Desert is a consequence of the freedom of the will, and of the fact that the justice of an action consists in its compatibility with freedom of the will. It is only in virtue of the fact that persons possess free will and could have acted differently from the way they did that they can deserve to be treated in a certain way. A being that does not possess free will cannot deserve anything. If, as we argue, human beings possess free will, and are therefore responsible for their actions and answerable for them to others, and if justice means respecting that freedom of will, it means also recognizing and respecting the fact that people are indeed responsible for their actions and accountable for them to others. Justice means, therefore, treating people in accordance with their actions, that is, with their deserts. Those who use their freedom to do good deserve to receive good in return, and those who use it to do harm deserve to receive harm in return. This is natural desert.

A criminal deserves a punishment proportionate to his crime. A person who wishes to prevent such punishment makes himself complicit in the crime. To impose a heavier punishment than the criminal deserves is to commit a new crime.

Human dignity is twofold. There is the species-dignity that every human being possesses just by being human, that is, by possessing freedom of will. This dignity is permanent.  In addition to this, there is also the distinct moral dignity of each individual.  This is created or destroyed by his actions.  The person who uses his own freedom of will to override and trample on the freedom of will of others, even though their freedom of will is just as entitled to respect as his own, makes himself worthy of contempt.

Paradoxically, however, to treat people as they deserve is to honor their freedom of will and their dignity as rational beings. Not only just reward but also just punishment is a form of respect. This is why Plato’s Socrates could say that punishment heals the soul, and why Hegel could hold that the criminal has a right to punishment.

In the view of John Rawls, however, there is no such thing as natural desert. For no one deserves his natural endowments, Rawls argues, and so no one deserves what he accomplishes with them. We do not deserve even our own moral character, because many factors besides our own actions have contributed to making it possible for us to have that character. Only within the framework of some institution, such as an agreement or a promise, can it make sense to talk of desert, he believes. If the organizers of the race have promised that the first one past the post wins the prize, and if you are the first one past the post, then you deserve to win the prize. But if no one has made such a promise, you do not deserve to win. Of course, if we do not deserve our good character, it should follow, though strangely he does not discuss this, that we also do not deserve our bad one, and so we do not deserve to be penalized for the crimes we commit. Although Rawls does not draw this conclusion explicitly, many have.

Even if it is true that we do not deserve our natural talents, however, that does not prevent them from being rightly ours. I do not deserve my existence, but anyone who takes it away from me commits a crime. If someone gives me a gift, say for my birthday, it may well be that I don’t deserve it, but that does not make his action in giving it, or mine in accepting it, unjust. A gift may be given precisely because it is undeserved. People are entitled to give gifts, and to accept them. When they accept them, they own them, and anyone who takes them away by force commits the crime of theft, which deserves punishment. But if your natural talents are rightly yours, then what you achieve by using them is also rightly yours. The thesis that there is no such thing as natural desert is little more than another way of denying that there is freedom of the will.

But Aristotle refuted that viewpoint decisively in pointing out that it depends on us, it is “up to us,” what kind of character we have, because everyone knows that our character is built up over time by our behavior, for which we are responsible. That other factors also contributed is irrelevant. Nothing is ever accomplished without luck; but that does not mean that all accomplishment is mere luck. It is right to admire a person for his excellent character. Suppose that someone has had every conceivable advantage in regard to leading an ethical life, has had exemplary parents, teachers, and friends, good instruction, and no temptations arising from poverty, ill health, etc. It was still possible for him to fail calamitously, because his will is free. You might say it was unlikely, but it was not impossible, and in actual fact such things happen not infrequently. If it did not happen in this case, that is to his credit.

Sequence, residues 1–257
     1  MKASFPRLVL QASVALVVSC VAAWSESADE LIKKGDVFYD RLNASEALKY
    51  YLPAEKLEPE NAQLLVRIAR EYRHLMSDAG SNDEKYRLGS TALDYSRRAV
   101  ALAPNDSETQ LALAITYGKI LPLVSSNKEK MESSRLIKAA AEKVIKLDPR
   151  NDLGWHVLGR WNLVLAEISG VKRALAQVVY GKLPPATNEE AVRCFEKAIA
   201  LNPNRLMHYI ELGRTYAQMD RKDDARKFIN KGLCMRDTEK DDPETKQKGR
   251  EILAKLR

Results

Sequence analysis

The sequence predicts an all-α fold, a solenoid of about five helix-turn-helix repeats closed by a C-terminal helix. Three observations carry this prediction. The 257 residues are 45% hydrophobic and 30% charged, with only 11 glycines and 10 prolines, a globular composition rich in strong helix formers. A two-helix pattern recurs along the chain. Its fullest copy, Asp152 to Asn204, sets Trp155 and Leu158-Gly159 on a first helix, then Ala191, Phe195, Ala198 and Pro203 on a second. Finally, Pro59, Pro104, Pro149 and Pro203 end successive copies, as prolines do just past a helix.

A law is a rule that can be enforced by coercion.

The question as to what laws there should be involves therefore unavoidably the question as to when it is permissible to employ coercion. The answer to this question can only be: when it is for the purpose of preventing or punishing unjust coercion.  For only coercion can balance out and overcome coercion; and to use coercion for any other purpose is to commit a crime.

We have seen that justice is a moral demand. For justice consists in respect for the freedom of the will, and for the human dignity that arises out of that freedom. The moral order demands this respect. This justice is so far a quality of the will, and injustice as we have seen is also a quality of the will. As Plato said, it is a quality of the soul. But human society is not just a question of the soul, but also of the body, of the whole person. Through our bodies that we act on one another, both for good and for ill, for life and for death. It is through our actions and our bodies that we respect and disrespect one another. Injustice is never merely an interior condition, a thought or desire,  but it always includes an exterior or bodily dimension, at least the intention to perform an action.  Out of the interior freedom of the will there arises therefore a moral demand for external and bodily desert, and so for external and bodily punishment where it is appropriate, which is desert carried out by force.

Coercion in itself is unjust, as we have seen, since it infringes on the freedom of the individual’s will. The only just purpose for which coercion can be used is to prevent or punish unjust coercion.  This is also true of law: a just law is only one that prohibits or punishes unjust coercion, or that is necessary for that purpose.

There is a moral demand not merely for justice but for a system of justice. The moral demand for justice includes a demand for courts of law that will judge disputes justly, and so for the police that will enforce the verdicts of the courts, and for the punishments assigned by the courts. Police and courts of law are not merely conventional institutions that owe their significance to the customs of the society.  They are the embodiment of that respect for the freedom of the will that constitutes justice.